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Snohomish block watch efforts may soon go digital

SNOHOMISH — The digital age of the Public Safety Commission is a little closer to dawning.
The committee recently provided website design suggestions and a digital neighborhood block watch start-up tool kit to Police Chief Keith Rogers for preliminary approval.
Rogers is the first reviewer; City Attorney Grant Weed will take the second look at the materials that the commission is aiming to have published on the city’s website.
The commission’s goal is to encourage block watches throughout the city after the success of the program in Morgantown, which has already spawned several neighborhood watches. The Morgantown watch has reported a 96 percent crime reduction since its inception eight years ago.
The start-up kit will include tips on establishing a block watch and help standardize best practices a little, but stop short of regulating activity. The site could help interested residents connect and organize through online tools such as member rosters and neighborhood maps.
After review by Rogers and Weed, the commission plans to present its work to the City Council, likely sometime in late spring, said commissioner Donna Ray.
As the website design has begun to take shape, its content has become more concrete.
At its Jan. 9 meeting, the commission discussed different types of approaches to neighborhood watches.
“To me, a block watch was people wandering the neighborhood, so people know someone might come around the corner while I’m doing this (illegal) thing,” said Jim Schmoker*, a commission regular and Snohomish Fire District 4 board member.
“I will give ‘the hairy eyeball’ to someone I know is up to no good,” Ray said.
Commissioners also gave examples of neighborhood watch members who would take it upon themselves to talk to suspected drug users or other individuals who seemed to be acting suspiciously.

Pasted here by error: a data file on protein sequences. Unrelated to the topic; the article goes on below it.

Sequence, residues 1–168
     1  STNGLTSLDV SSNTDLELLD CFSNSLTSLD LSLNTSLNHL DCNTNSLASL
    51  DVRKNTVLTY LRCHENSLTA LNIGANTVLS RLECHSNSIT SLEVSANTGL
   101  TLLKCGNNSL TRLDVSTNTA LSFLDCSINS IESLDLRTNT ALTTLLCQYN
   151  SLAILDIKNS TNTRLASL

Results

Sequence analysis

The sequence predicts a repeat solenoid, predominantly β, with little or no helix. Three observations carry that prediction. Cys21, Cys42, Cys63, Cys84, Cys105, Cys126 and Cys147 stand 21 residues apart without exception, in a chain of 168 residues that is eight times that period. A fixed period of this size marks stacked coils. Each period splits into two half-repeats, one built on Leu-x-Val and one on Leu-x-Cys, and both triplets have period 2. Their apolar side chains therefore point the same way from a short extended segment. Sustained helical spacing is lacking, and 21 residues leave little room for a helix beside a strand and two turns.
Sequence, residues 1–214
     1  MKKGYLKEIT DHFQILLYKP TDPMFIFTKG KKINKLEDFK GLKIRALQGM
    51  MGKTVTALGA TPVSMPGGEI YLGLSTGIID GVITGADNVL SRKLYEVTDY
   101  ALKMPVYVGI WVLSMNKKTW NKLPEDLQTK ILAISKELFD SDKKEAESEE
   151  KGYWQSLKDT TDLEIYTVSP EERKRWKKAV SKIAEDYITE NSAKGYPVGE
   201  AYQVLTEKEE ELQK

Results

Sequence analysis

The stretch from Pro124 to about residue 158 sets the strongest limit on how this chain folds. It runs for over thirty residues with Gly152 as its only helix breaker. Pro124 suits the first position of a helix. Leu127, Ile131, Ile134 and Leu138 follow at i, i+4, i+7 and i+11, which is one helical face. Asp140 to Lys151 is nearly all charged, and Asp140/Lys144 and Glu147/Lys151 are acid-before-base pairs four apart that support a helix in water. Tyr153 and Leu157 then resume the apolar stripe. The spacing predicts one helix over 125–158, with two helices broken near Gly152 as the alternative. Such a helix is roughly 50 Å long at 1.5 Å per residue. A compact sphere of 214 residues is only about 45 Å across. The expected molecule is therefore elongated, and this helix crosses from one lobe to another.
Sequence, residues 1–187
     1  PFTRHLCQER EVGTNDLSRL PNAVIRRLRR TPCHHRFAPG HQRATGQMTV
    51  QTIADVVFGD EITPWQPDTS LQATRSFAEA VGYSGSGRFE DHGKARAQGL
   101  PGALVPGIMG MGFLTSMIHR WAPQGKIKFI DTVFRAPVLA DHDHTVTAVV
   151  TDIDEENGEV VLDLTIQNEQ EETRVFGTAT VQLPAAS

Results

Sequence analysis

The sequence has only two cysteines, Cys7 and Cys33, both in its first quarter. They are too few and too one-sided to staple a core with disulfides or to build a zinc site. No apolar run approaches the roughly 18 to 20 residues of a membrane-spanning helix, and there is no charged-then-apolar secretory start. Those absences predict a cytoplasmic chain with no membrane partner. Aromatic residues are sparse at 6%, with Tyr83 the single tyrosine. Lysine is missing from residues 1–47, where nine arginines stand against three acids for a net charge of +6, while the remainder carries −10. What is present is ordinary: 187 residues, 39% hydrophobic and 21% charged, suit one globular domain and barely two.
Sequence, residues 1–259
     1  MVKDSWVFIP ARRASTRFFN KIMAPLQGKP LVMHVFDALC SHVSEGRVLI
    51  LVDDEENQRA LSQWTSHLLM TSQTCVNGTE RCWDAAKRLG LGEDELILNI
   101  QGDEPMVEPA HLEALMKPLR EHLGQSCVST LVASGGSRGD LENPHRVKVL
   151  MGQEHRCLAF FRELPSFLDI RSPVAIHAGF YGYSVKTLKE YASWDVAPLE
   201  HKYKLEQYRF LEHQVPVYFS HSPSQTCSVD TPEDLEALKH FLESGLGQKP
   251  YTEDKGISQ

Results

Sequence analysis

Commissioners do not endorse direct confrontation and law enforcement officials almost universally advise that people call the police rather than confront anyone who might be dangerous or engaging in illegal activity.
Given the potential liability if an individual was injured while involved in block watch activity, the group discussed clarifying that the block watches were self-governing and not city managed.
“I support it, I just don’t want the hindrance of liability,” said City Councilwoman Linda Redmon.
Once the liability concern is addressed and the digital content finalized, Ray hopes to launch the initiative with a kickoff event in conjunction with the city.
People interested can attend the commission’s next meeting, Tuesday, Feb. 13 at 5 p.m. at the Fire District 4 Training Annex at 1525 Ave. D.

* - CORRECTION Feb. 28
In two stories that included reporting from January’s Public Safety Commission meeting, published Jan. 24 titled “Snohomish block watch efforts may soon go digital” and published Feb. 21 titled “Volunteer commission may take on social issues,” Fire District No. 4 Fire Chief Ron Simmons was incorrectly attributed in quotes. The correct attribution is to Fire Board Commissioner Jim Schmoker.
The Tribune regrets the errors.


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